It is a step forward that Transport Minister Chadchat Sittipunt wants the Anti-Corruption Organisation of Thailand (ACT) to scrutinise all future public transport projects (''Anti-graft integrity pacts mulled'', BP, Feb 8).
Of all the ministries, the Transport Ministry typically gets allocated the largest budget. And with many upcoming and ambitious transport infrastructure projects, Mr Chadchat will be responsible for allocating 2.2 trillion baht to these projects. It is a Herculean task.
Of all the Pheu Thai ministers and their rather dismal performances to date, Mr Chadchat is probably the most qualified person for his post.
I give credit where it is due.
But how successful will these anti-graft integrity pacts be? On this, I'm sceptical. As I said, 2.2 trillion baht is an enormous pie. There will be many stakeholders in these projects, notwithstanding the many politicians whose mouths will be drooling. These politicians typically have proxies to manage their construction firms.
Things in Thailand are not what they appear to be. We have the National Anti-Corruption Commission (NACC) and other independent agencies. Have they stamped out corruption?
It remains to be seen whether this move is truly a step forward _ or an illusion.
Thailand must wake up!
Re: ''Success now comes with a degree in degeneracy'' (BP, Feb 5).
Thai society is embroiled in a culture war. A society where young students spend half of their day worshipping and bowing in front of portraits of dull historic figures has no future.
When students are taught that on Monday they should wear shirts of a certain colour and on Tuesday they should wear another colour, this breeds nothing more than a regimented, obedient and dull society.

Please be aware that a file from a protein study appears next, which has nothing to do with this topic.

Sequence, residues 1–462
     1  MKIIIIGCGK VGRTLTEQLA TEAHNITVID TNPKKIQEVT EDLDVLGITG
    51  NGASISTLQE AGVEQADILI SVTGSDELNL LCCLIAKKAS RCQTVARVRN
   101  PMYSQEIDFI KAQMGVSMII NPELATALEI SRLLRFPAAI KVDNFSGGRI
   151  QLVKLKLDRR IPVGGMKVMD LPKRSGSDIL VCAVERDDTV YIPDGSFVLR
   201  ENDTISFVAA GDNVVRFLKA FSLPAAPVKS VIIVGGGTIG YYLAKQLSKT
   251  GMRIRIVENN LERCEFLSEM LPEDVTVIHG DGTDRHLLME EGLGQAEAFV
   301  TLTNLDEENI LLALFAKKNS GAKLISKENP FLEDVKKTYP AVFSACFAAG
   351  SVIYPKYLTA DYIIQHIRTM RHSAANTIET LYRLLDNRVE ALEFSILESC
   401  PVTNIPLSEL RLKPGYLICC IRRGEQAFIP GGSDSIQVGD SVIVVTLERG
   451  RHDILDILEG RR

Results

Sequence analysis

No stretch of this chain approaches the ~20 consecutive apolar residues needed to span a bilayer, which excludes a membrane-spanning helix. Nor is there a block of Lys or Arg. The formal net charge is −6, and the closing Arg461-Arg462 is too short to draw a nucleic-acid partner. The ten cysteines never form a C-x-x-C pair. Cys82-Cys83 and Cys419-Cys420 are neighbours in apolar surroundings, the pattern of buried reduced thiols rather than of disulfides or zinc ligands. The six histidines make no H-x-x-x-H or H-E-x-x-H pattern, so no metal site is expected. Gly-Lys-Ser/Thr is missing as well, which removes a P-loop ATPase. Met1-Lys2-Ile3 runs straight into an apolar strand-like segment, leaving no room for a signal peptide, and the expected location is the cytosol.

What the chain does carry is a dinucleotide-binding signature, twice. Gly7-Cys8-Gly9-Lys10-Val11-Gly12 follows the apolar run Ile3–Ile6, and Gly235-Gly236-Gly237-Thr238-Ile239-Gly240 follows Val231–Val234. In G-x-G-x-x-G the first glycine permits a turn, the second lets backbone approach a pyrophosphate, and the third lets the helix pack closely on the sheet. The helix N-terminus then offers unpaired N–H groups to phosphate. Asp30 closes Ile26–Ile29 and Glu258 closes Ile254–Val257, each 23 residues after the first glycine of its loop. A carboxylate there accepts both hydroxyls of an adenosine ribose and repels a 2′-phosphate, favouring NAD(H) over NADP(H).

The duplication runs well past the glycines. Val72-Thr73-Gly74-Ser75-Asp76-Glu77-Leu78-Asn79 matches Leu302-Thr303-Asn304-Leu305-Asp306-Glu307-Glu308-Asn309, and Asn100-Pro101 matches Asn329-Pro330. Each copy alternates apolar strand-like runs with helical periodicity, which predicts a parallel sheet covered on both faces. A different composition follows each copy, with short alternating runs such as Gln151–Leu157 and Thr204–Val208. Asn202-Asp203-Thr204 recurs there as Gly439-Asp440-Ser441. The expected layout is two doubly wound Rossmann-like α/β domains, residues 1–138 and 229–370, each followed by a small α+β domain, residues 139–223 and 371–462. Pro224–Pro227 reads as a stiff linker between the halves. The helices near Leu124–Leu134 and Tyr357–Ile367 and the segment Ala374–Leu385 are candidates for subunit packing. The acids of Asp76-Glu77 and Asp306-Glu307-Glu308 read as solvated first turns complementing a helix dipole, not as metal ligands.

Education in Thailand is still feudal in nature and is firmly rooted in the past. In this new globalised world, culture has very little or no meaning at all.
The world is becoming a hyper-linked economic zone. High-quality education is not only necessary but paramount; nothing else better defines modern societies and nations.
Thailand needs to wake up to the realities of the modern age, where the only way to survive is to have a well-educated workforce.
In my personal opinion, the Ministry of Education is simply an extension of its past. It has nothing to contribute towards enhancing the quality of education. This bloated bureaucracy must go. It is an agency that has become proficient in paper pollution. It is an agency with no expertise, no vision and no agenda to further the cause of the Thai economy.
Good education requires two things. First, the course contents should be exciting and relevant to the current job market. Second, the delivery methods should be technology-driven.
Homework for the 'Post'
Re: ''A disservice to Cambodians'' (BP, Feb 6). To ensure that the readers of your newspaper have factual information and balanced views, I wish to make several points.
First, the Royal Government of Cambodia (RGC) has not been denying any facts and did not want the Khmer Rouge tribunal to be shut down, as it was accused of in the BP editorial. It was Hun Sen who requested the United Nations in June 1997 to help set up the Khmer Rouge tribunal in order to prosecute former top Khmer Rouge leaders for their crimes against humanity.